BUENOS AIRES, Nov 12 (Reuters) - A debt default is not imminent in Argentina despite growing worries over strangled government access to financing and a drop in export revenue, a senior analyst at Moody’s Investors Service said on Wednesday.
“We don’t think a default is imminent because the government has enough financial assets to pay its debt, although this depends too on political decisions,” said Gabriel Torres, a senior sovereign risk analyst at Moody’s.
Torres said the government could cut spending if the economy slows sharply or enters recession next year, and if prices for the country’s top commodities such as soy, wheat and corn keep falling.
But these prices haven’t sunk that far yet and are still at 2007 levels, which means export tax revenue will help Argentina pay its debt for the next five to six months, at least.
“This is not the same situation as in 2001 when we saw (the default) coming,” Torres told reporters in Buenos Aires, referring to a 2001-02 economic crisis that culminated in a $100 billion sovereign debt default and currency devaluation.
Argentina’s economy grew at least 8.5 percent annually from 2003 to 2007, and the expansion is only slightly weaker this year, according to government figures.
The government is on track to run a fiscal surplus for the sixth year in a row, and central bank reserves are at a robust $45 billion.
But Argentina’s debt obligations surge next year to some $20 billion, and a global credit crunch has only worsened its access to international capital markets, already limited by lawsuits from creditors who rejected its 2005 restructuring.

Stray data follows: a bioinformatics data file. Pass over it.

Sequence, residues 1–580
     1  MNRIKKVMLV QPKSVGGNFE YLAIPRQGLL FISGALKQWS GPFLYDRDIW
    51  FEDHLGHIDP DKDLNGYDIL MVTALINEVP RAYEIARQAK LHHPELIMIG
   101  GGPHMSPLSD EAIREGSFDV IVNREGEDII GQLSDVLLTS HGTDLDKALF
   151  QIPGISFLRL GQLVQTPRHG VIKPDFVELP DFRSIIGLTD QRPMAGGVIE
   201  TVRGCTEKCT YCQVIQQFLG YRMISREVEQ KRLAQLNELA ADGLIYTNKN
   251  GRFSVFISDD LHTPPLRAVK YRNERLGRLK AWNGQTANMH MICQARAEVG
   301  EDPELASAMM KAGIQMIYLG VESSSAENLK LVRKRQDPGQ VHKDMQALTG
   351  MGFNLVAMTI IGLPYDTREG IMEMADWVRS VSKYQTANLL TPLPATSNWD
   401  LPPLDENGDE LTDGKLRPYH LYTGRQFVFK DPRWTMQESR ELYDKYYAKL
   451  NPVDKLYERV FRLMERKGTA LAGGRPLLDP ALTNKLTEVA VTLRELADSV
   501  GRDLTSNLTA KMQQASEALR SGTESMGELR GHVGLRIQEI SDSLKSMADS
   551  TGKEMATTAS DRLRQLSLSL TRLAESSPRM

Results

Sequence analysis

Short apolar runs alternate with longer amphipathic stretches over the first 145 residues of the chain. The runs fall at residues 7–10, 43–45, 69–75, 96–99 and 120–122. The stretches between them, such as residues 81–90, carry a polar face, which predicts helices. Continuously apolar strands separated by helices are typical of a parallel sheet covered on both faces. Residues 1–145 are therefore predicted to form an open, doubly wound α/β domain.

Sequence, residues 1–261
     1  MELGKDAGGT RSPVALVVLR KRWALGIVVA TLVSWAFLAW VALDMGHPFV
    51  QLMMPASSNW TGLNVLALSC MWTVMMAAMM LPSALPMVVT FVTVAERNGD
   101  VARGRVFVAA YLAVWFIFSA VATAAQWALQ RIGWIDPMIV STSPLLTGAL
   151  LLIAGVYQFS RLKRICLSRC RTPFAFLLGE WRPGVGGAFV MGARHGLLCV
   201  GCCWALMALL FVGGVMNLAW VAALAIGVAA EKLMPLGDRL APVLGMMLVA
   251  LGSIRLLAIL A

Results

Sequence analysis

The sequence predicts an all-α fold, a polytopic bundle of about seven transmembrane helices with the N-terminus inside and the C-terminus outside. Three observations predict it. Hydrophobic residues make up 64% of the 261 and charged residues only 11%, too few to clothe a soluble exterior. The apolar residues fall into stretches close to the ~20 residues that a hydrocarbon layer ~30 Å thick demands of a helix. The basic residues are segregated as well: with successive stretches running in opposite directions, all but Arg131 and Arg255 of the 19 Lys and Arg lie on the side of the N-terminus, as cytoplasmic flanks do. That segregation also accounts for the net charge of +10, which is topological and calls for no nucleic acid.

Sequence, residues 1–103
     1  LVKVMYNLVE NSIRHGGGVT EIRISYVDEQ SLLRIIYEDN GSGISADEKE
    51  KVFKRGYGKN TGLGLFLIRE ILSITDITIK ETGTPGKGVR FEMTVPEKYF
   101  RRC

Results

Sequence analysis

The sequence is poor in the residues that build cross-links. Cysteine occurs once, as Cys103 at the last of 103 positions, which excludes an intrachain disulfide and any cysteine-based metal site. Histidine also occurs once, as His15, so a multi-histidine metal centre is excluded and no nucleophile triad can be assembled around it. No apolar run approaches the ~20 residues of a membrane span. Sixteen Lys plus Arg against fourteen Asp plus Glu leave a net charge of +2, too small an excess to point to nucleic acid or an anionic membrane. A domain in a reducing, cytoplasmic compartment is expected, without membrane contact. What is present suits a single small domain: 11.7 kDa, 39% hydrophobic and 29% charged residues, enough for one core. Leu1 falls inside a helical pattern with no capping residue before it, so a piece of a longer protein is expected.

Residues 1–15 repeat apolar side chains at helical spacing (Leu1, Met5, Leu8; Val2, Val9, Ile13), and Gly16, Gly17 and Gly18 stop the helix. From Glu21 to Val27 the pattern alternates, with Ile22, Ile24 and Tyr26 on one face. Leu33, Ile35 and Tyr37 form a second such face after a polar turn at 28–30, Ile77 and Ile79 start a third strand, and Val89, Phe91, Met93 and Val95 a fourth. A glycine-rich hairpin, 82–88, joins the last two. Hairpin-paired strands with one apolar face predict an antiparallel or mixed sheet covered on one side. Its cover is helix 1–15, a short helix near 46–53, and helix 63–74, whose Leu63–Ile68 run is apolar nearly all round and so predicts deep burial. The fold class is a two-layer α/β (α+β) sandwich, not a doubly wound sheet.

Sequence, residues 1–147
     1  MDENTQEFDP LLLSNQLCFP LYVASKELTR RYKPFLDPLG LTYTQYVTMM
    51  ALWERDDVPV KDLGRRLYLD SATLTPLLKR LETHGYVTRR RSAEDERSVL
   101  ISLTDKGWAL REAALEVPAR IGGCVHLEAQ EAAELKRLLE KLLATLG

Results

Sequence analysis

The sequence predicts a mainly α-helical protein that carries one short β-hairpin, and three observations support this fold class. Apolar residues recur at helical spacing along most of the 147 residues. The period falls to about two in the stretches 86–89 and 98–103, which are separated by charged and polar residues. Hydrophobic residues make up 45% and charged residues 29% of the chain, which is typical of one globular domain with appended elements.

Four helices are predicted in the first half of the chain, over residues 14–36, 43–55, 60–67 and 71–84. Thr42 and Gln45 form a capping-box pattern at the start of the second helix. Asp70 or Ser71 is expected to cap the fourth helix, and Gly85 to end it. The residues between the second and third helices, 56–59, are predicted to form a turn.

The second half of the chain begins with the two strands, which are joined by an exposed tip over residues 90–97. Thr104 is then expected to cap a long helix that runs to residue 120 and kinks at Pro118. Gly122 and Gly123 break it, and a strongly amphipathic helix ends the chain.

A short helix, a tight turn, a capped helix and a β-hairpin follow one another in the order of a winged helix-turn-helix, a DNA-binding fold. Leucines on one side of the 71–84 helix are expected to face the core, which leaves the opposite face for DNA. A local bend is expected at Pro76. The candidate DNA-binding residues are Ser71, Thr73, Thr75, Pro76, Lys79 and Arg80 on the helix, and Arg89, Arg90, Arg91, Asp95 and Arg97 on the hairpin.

With the economy slowing, commodity prices falling, and the central bank using its reserves to avert a steep drop in the local peso and a bank run, the government is in a much tighter spot to service its debt.
One strategy is to keep issuing debt to state agencies, such as the tax bureau. And the government will have more cash on hand if Congress approves, as expected, President Cristina Fernandez’s plan to nationalize private pension funds’ assets.
Torres said the nationalization will fuel worries about future pension payments and worsen the country’s reputation for constantly changing the rules of the game.
But in the short term “the government is getting ahold of money it didn’t have before,” Torres said, adding that income from the private funds will amount to about 1 percent of gross domestic product next year, versus a debt load of between 3 percent and 4 percent of GDP.
“This helps but it doesn’t resolve all of Argentina’s problems,” he said.
Moody’s rates Argentine bonds at B3, or six notches into junk territory. The ratings agency revised its outlook on the rating to stable from positive in August, and Torres said no further change was warranted yet.
Last month Standard & Poor’s downgraded Argentina’s debt rating to B-, also six rungs below investment grade. (Editing by Fiona Ortiz and by Kenneth Barry)
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